How did it come to this? A virus that is smaller than a dust has humbled and humiliated the world’s most powerful nations and their economy. The aftermath of this vicious microorganism that began in China has now covered the world with grim of uncertainty as one of the most influential industry in the world, the oil and gas industry is experiencing its third collapse in 12 years.
International demand on the black liquid has seen a shocking drop when the pandemic has started. On March, 2020 crude oil prices have suffered a loss of almost one-third of its value, which is considered to be the largest collapse in daily prices since 1991 Gulf war. In the light of the current economic state, investors are feeling an unusual degree of insecurity, as no one yet knows the full impact of the pandemic.
The outbreak of the coronavirus disaster is somewhat distressing the broad range of global energy markets compromising all types of fossil fuel like renewable, gas and coal, nonetheless its effect on crude oil markets is mainly harsh due to the shutdown of all economic sectors and the precautionary measures takes worldwide to combat the outbreak. After 2022, it is expected that the US and the other non-OPEC producers will not be able to sustain the growth, thus allowing OPEC producers to recapture market share.
Following the collapse in oil prices, the companies of the petroleum industry were affected, placing them in front of two questions: They either reduce the oil production or they stop producing completely! However, are there other factors that have contributed to this collapse besides the pandemic?
That is a question that must be answered…
A Price War & a Second Wave!
Due to the inability of Saudi Arabia to convince Russia to support production cuts that were agreed upon with the members of oil exporting countries in the OPEC organization, the war arose. Therefore, the pandemic was not the only reason for the drop in oil prices. In reality, the “price war” between the two largest oil producing countries (Saudi Arabia & Russia) was a major contributor to the collapse. Corresponding to sharp fluctuations in oil prices, the two countries (Saudi Arabia and Russia) were forced to retreat from their positions and collaborate on reducing oil supplies, which coincided with a number of factors.
These factors are:
- The beginning of reducing precautionary measures to combat the virus outbreak.
- International oil refineries were refining less crude oil.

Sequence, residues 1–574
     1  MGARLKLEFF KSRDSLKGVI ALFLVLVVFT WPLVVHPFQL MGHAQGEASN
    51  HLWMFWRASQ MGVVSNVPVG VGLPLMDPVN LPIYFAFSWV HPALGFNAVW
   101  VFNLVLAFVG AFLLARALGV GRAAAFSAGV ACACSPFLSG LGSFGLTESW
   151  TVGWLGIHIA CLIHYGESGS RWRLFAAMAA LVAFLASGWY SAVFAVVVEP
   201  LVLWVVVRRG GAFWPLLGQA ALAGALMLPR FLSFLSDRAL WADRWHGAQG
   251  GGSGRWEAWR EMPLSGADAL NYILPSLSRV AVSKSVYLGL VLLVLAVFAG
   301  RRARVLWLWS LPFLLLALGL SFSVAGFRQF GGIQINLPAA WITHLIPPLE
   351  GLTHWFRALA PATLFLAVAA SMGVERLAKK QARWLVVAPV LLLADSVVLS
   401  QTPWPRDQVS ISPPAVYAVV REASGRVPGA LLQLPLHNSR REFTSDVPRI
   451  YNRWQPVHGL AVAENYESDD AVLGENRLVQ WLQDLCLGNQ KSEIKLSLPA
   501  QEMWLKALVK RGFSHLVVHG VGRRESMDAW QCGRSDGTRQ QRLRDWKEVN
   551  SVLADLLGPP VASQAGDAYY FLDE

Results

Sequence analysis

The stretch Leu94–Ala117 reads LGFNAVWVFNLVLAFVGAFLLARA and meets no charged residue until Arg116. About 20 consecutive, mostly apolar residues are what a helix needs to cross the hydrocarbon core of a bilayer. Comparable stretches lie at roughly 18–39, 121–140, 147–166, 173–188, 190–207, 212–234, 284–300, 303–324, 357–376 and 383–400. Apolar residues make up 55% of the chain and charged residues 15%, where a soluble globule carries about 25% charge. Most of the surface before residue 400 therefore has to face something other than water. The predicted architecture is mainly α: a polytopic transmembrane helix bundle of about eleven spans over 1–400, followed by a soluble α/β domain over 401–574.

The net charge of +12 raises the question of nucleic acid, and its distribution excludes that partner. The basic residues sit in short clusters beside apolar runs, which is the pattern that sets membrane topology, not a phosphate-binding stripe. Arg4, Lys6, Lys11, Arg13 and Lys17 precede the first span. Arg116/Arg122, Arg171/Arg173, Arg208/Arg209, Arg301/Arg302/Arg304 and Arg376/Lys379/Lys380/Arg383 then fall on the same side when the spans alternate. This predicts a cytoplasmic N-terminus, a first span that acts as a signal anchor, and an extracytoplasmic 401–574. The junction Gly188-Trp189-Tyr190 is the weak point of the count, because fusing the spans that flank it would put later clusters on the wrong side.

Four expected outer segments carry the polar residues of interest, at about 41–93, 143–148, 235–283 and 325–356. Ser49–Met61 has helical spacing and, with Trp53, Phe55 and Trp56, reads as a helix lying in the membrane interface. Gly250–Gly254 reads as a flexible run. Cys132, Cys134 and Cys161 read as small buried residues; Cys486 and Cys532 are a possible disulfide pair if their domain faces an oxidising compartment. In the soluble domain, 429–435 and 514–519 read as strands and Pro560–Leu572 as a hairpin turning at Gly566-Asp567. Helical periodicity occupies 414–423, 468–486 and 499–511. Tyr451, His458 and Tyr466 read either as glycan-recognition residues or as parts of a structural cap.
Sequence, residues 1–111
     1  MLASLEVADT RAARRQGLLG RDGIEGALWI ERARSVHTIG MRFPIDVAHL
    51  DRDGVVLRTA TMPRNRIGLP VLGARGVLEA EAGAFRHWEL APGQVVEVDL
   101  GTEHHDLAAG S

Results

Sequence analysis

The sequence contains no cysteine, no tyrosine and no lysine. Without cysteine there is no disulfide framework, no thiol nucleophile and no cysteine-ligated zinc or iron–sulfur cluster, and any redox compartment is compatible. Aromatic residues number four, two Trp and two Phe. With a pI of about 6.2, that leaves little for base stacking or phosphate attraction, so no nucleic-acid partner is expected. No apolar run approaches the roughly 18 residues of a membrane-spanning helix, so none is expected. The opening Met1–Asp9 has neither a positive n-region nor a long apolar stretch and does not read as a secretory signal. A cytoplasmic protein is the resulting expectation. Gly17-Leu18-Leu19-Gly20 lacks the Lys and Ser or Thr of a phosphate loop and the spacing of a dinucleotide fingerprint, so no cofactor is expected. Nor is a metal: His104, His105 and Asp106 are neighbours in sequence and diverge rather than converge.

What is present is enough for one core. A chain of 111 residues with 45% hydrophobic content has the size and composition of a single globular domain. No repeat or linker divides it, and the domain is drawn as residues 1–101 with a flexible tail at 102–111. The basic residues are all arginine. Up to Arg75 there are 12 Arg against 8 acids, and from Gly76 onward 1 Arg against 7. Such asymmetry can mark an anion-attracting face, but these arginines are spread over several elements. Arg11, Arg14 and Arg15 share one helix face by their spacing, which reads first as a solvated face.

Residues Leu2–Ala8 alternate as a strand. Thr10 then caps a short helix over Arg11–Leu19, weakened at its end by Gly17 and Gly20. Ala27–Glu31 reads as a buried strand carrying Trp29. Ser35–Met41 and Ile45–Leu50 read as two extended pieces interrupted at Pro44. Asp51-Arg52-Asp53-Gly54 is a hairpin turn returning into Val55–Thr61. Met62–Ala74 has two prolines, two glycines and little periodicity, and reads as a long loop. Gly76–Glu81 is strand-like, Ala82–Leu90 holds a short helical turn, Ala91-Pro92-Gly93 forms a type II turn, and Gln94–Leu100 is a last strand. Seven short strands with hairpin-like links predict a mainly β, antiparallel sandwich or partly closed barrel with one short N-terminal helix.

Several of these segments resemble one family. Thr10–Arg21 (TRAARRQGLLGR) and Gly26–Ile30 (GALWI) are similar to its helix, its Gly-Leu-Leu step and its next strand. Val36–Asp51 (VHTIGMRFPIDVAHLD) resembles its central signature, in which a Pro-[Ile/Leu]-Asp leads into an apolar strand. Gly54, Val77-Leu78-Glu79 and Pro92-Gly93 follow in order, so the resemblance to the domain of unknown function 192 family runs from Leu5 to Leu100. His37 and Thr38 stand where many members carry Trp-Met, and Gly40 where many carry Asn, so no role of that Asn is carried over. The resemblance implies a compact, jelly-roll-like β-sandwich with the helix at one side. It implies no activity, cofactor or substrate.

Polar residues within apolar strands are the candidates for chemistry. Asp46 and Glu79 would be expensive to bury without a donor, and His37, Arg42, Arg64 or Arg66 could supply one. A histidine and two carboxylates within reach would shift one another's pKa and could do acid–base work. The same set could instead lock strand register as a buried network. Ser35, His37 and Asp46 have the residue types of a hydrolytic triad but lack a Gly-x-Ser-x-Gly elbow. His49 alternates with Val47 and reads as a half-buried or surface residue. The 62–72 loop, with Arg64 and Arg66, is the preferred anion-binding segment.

- The decreased demand on flying causing a decline in air traffic.
- Some reports stated that the oil will drop to 20% if the prices cannot keep up with the fluctuating waves of the coronavirus; leading to a depletion in oil supplies.
Nonetheless, the Saudi-Russia agreement did not produce the expected results in terms of oil price. Besides, a slight increase has been seen in parallel with the decision to ease the precautionary measures taken to decrease the spread of the Coronavirus that started in March 2020. After all, from June to October, the price of a barrel reached $33.35 and then $40, and it continued to rise!
Yet in October, the deterioration of prices has started again due to the second wave that hit USA and Europe. This had led to start looking for the right solutions to stop the spread of the virus. Then at the start of November, the answer to stop the covid-19 was to start producing vaccines. The preliminary results of the vaccine were positive which helped to ease the closures worldwide and gradually open a few economical industries.
When the new easing measures were implemented, they helped to raise oil prices and the price per barrel reached $60. As a result, this could be a good sign that oil prices can keep up with the fluctuations of the Covid-19 pandemic. During the remaining months of 2021, this theory will be tested and confirmed.
Who is The Winner? Coronavirus or Oil?!
From the time when the production and distribution of the vaccine around the world began, the oil price curve started to indicate a gradual rise from the start of November 2020. While the oil price curve rose dramatically from February 2021 to mid-April 2021. Following that, the price per barrel reached $67.5 as a result of the dollar’s decline.
Based on the positive outcomes on the oil price curve, OPEC, in collaboration with the International Energy Agency and the US Energy Information Administration, has increased oil demand estimates for the remaining months of 2021. At the same time, they were being extremely cautious, as it is critical in the event of an oil supply shortage as demand for oil continues to rise.
The oil companies must respond by increasing their oil production in proportion to demand. Furthermore, developing plans is required for the OPEC organization to combat the sudden repercussions of this pandemic, which has begun to appear as a result of a series of Coronavirus mutations and their random spread across the world. Even though the continuous production of the vaccine is still going, the number of vaccinated people is still low in many different countries.
Another factor threatening virus control is the presence of doubts about the efficacy of vaccines developed by two companies, Johnson & Johnson and AstraZeneca. Many countries, including the European Union, have limited the use and demand for vaccines due to these concerns. This will lead to postponing the vaccination of the European residents until the end of the year. Also, if the rest of the world kept on following the footsteps of EU their vaccination will be postponed as well.
In spite of that, there are no studies proving that the delay in vaccination will be an impediment to combating the virus’s outbreak, especially after the lockdowns and firm measures that have been in place for a long time in the majority of the world. After all, this is a good indication that the oil price curve will continue to rise until the end of the year.